It’s true that over the past years, Iran’s position in the international community was downgraded due to some uncompromising anti-Western policies which the government has adopted, and this in turn demonstrates that only those remains loyal to the Western superpowers can enjoy popularity and esteem; however, what the people of the world, specially those who participated in the BBC World Service’s survey have forgotten is that the realities of Iran are far beyond what the media conglomerates, mostly run by affluent and well-off Jews and ardent Zionist, pretend.

I’m really sorry that the people of the world and the international community have forgotten the fact that Iran, once called the Greater Persian Empire, is home to one of the world’s ancient and sophisticated civilizations. Don’t you really remember that the Cyrus Cylinder, the world’s first declaration of human right which was inscribed in 539 BC, belongs to the people of Iran?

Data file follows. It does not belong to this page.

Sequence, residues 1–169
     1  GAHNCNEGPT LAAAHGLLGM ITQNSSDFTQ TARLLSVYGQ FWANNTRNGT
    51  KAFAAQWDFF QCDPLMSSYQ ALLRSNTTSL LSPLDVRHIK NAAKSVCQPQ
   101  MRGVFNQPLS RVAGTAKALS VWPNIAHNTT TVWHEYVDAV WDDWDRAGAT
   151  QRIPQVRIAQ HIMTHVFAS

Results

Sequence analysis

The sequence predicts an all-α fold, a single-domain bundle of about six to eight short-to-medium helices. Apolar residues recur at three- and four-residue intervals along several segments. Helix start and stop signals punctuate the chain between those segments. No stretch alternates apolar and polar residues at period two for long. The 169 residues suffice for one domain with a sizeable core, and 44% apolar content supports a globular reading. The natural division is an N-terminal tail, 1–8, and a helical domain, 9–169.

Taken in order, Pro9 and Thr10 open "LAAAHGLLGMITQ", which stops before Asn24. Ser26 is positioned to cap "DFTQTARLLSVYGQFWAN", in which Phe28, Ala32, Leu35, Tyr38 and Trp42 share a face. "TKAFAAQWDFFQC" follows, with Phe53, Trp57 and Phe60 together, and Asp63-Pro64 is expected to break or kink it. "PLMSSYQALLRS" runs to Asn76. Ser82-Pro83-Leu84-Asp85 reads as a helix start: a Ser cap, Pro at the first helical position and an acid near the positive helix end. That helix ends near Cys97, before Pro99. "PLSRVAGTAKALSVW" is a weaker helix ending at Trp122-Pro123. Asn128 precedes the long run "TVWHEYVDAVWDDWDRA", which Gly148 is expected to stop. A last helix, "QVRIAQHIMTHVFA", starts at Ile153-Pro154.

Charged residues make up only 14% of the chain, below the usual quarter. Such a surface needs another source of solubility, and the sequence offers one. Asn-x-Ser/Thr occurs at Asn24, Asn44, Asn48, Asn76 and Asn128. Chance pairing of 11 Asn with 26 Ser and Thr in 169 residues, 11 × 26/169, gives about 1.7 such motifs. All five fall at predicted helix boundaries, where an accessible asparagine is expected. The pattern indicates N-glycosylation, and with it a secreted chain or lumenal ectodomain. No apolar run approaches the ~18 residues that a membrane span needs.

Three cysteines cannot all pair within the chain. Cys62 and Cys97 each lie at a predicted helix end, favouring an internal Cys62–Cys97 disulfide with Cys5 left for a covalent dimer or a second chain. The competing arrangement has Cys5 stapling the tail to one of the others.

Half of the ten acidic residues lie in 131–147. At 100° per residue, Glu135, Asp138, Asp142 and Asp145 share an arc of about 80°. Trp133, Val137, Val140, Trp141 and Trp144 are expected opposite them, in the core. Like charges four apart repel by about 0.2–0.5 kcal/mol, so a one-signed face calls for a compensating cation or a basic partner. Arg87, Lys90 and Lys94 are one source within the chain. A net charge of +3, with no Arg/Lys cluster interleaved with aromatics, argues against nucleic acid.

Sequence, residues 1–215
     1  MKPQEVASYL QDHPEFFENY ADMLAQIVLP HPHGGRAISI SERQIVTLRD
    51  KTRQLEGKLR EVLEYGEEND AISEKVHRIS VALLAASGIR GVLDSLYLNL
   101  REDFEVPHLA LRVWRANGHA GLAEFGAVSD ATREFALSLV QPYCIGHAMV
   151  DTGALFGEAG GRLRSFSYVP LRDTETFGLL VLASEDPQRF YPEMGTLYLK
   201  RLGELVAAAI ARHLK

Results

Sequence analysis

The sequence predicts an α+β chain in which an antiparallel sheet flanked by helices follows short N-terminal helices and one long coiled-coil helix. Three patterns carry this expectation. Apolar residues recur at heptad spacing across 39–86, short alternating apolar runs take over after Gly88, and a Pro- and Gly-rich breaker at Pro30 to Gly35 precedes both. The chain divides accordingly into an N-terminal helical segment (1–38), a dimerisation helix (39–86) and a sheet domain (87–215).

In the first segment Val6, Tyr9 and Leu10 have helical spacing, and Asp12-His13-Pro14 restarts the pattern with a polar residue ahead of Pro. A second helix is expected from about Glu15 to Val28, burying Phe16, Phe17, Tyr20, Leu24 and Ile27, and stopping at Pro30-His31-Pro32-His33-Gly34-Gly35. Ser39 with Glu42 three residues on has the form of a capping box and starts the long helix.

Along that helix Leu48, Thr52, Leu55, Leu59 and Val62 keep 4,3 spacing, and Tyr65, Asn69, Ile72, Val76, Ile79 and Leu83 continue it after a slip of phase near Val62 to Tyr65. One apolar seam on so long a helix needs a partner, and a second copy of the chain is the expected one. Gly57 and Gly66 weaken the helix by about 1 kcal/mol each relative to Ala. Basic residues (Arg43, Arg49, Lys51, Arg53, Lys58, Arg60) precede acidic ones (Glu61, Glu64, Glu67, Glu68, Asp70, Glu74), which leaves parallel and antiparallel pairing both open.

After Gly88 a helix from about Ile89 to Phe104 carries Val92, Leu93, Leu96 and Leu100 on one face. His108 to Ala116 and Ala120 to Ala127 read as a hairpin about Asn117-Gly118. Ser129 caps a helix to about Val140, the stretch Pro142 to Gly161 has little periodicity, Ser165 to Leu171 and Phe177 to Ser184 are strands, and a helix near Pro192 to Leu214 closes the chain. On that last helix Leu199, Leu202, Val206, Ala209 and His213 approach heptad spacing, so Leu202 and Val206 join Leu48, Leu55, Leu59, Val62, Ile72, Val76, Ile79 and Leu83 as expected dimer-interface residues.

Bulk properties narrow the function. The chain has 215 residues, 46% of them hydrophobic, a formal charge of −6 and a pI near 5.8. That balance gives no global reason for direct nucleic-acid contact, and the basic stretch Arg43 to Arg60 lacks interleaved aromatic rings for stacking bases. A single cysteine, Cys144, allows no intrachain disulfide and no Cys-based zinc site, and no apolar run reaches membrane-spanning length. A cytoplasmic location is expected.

Don’t you remember that Rumi, the immortal mystic and poet who composed one of the most elaborate collections of spiritual verses of the world belongs to Iran?

Don’t you remember that Persepolis, the masterpiece of architecture and craftsmanship which was once the ceremonial capital of Persian Empire’s rulers belongs to Iran?

Don’t you remember that the incontestable polymath, scientist, astronomer, mathematician and philosopher Hakim Omar Khayyam whose Rubayyiats you certainly know through Edward Fitzgerald’s priceless translation belongs to Iran?

Don’t you remember that Iran is the homeland of poetry, mysticism and love?

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Don’t you remember that the world’s most valuable and pure saffron is cultivated in Iran?

Don’t you remember that the Iranian carpet is an unequivocal manifestation of the Persian artistry, creativity and dexterity?